The need for crawling is also provoked by the constant need for proof of a person’s disability. Despite the fact that the state sends me monthly checks for my disability pension (it even supplied me with an ID confirming that my disability is in fact real) I still have to prove my health situation over and over. Why? I have no idea, the nature of my disability has not changed for 30 years.
One voice for all
There is no staircase to crawl up, however. And even if there were one, the question remains whether it could have the same dramatic impact that it once had in the US. That’s why I’ve placed my hope in a much less radical way of fighting for change — a nonprofit advocacy group. Because if anyone has a realistic chance of upholding the interests of people with disabilities in our Central European basin, which compared to overseas functions in a more corporatist manner, it’s definitely Alliance for Individualized Support. In the end, my dream of a Capitol protest took on the form of a position on the Alliance Administrative Board.
The Alliance formed two years ago as a project of a few Czech nonprofits, which represented various segments of people with disabilities or which directly provided specialised care. In order to make an impact on the longterm stagnation in the improvement of care and support provided to target population they developed the idea of an umbrella organization, which through its sheer size and a high level of expertise became an impossible-to-ignore player in the creation and redefinition of social policies on a national scale.
The idea of centralised and unified representation of people with disabilities quickly took off, and more and more organisations joined it. Currently, The Alliance is a collective of 40 organisations (those founded by patient groups, parent groups or those providing professional services) and works closely with another 20.
Like every respectable organization that’s just starting out, The Alliance first delved into an analysis of the issues to solve. Foremost, it has focused on areas in which the social care system fails the most catastrophically, in regard to the real needs of people with disabilities. For the purpose of its work, The Alliance has focused most closely on people whose disabilities aren’t easily compensated with equipment or aids, and who, as a result, are more dependent on the support of other people. It’s this group of people that most often falls through the cracks in the system and also the one that most often finds its members in demeaning and restrictive living conditions. Apart from people with disabilities, The Alliance also focuses on their families, whose members (predominantly women) often fill the roles of caretakers for decades, without any way to step out of this position with a clear conscience.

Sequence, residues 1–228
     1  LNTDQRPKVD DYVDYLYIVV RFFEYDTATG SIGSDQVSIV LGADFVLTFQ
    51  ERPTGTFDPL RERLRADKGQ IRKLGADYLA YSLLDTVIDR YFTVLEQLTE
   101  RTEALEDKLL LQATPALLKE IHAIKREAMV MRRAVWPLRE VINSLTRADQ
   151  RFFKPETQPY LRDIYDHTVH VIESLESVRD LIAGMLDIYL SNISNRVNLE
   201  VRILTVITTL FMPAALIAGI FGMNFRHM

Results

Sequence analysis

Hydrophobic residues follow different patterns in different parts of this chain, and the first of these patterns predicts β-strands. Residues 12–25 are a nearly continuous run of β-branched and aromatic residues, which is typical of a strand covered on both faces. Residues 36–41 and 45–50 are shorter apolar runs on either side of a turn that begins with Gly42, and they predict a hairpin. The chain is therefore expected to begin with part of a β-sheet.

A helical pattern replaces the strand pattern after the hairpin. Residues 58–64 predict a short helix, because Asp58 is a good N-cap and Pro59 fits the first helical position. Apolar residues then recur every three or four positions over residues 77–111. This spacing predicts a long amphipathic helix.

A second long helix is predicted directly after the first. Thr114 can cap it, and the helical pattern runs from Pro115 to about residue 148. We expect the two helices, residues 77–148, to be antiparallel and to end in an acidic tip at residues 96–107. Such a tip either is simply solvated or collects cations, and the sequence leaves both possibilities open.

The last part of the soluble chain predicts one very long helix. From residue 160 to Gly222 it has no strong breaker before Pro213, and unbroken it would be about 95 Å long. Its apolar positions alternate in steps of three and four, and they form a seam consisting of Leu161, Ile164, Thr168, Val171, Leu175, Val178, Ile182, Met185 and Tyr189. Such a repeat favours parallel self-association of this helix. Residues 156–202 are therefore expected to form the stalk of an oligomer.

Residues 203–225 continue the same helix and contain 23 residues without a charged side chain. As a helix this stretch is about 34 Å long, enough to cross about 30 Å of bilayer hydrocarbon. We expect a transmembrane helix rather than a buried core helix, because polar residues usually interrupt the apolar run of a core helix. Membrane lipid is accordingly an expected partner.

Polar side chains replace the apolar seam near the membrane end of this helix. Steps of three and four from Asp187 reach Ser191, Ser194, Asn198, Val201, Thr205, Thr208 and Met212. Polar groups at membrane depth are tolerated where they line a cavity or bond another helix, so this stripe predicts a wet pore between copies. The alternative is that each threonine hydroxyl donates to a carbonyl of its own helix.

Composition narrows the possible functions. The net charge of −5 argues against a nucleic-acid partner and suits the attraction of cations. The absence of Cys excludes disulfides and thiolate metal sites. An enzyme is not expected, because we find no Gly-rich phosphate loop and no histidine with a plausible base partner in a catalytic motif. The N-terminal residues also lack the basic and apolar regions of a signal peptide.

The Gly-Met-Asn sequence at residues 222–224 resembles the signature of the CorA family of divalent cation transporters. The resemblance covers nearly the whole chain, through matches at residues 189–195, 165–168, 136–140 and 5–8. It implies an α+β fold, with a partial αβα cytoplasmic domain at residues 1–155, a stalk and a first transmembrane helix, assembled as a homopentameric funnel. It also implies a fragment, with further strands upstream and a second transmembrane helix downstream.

Where there is a need for change
On the basis of in-depth analysis and with an insight into tried and tested policies implemented abroad, The Alliance’s analytics team defined three key areas of social policies where reform would significantly improve the quality of life for people with the highest need for support, and their families. These are: accessibility of services, a fair assessment of needs, and a coordination of social support and care.
The first area has to do with 11 thousand clients with disabilities persistently committed into institutionalised care. It is evident that fully institutionalised care has, beyond any doubt, its place in the mix, yet people with disabilities should have a choice in where and with whom they live. The Czech Republic has, in its ratification of the UN Declaration, specifically committed itself to making sure that people with disabilities “are not forced to live in specific environments.”